Tentree’s “Impact Wallet” (where customers can track the positive impact their purchases have on the environment) and Girlfriend Collective’s “The Collective” (where customers share photos of themselves wearing the brand while participating in environmental activities to earn points for discounts) are two examples of successful sustainability-focused loyalty programs.

Higher Employee Morale and Engagement

It’s not just customers who want to align themselves with responsible companies. 70% of employees are more likely to stay with a company that has a robust sustainability plan. Organizations that prioritize sustainability are more attractive to job seekers, especially to those of younger generations who place a high value on environmental and social responsibility.

For example:

  • Flexible working arrangements (e.g., remote/hybrid work models) reduce carbon emissions. But they also boost employee well-being and work-life balance.
  • Creating an eco-friendly workplace, such as using energy-efficient systems, reducing waste, and promoting responsible resource consumption enhances the physical work environment.
  • Sustainable office solutions like ergonomic furniture and natural lighting improve comfort while contributing to a healthier and more productive work environment.
  • When employees are involved in sustainability initiatives (e.g., green projects), they feel more valued and empowered.

Engaged employees who support the company’s sustainability efforts become passionate advocates for the organization, both within and outside the workplace. This advocacy enhances the company’s reputation and can attract customers, investors, and partners who value sustainability.

Attention From Investors Who Focus on ESG

If you’re raising capital through investments or loans, sustainability can be a major selling point for investors. Environmental, social, and governance (ESG) investing has gained significant traction in recent years, with global sustainable investment assets totaling $124.5 trillion in 2022.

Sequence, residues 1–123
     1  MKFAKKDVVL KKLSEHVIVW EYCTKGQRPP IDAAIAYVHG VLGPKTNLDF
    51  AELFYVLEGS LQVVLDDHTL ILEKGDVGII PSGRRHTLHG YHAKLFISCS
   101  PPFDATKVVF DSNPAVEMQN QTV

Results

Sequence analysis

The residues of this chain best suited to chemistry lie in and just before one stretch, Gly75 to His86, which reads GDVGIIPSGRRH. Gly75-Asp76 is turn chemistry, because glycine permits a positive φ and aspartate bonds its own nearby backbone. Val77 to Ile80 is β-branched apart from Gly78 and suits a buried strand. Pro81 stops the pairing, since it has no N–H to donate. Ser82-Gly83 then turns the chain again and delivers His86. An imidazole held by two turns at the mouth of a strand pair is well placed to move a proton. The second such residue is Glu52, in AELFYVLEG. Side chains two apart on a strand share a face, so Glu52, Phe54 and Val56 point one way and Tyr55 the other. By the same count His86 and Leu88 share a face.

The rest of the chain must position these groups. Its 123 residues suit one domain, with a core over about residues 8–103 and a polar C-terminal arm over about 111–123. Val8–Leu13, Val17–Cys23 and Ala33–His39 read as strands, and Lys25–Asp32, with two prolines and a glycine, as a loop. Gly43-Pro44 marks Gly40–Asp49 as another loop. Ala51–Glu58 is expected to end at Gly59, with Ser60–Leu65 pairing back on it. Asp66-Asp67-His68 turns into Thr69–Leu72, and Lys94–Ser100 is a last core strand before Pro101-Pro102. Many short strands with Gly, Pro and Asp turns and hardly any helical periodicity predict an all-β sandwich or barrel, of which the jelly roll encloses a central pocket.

Sustainable practices don’t just align with many ESG funds’ investment criteria. They make businesses more attractive to socially responsible investors (hence why 90% of companies on the S&P 500 release yearly ESG reports).

So, in addition to financial benefits like tax incentives and lower operational costs, implementing sustainability initiatives can help companies secure funding from impact investors who prioritize ESG factors.

Compliance With Legislation

Governments worldwide are increasingly implementing sustainability-related regulations to address climate change, pollution, and other environmental challenges. Failing to comply with these laws can result in hefty fines and legal consequences.

For example, the European Union’s Sustainable Finance Disclosure Regulation (SFDR) requires financial institutions and advisors to integrate sustainability criteria into their investment decision-making process, provide transparency on how they integrate sustainability risks into their operations, and disclose the environmental and social impact of their investments.

By proactively implementing sustainability practices, businesses can ensure compliance with current and future legislation, avoiding any legal issues that could affect their profitability.

Future-Proofing Your Business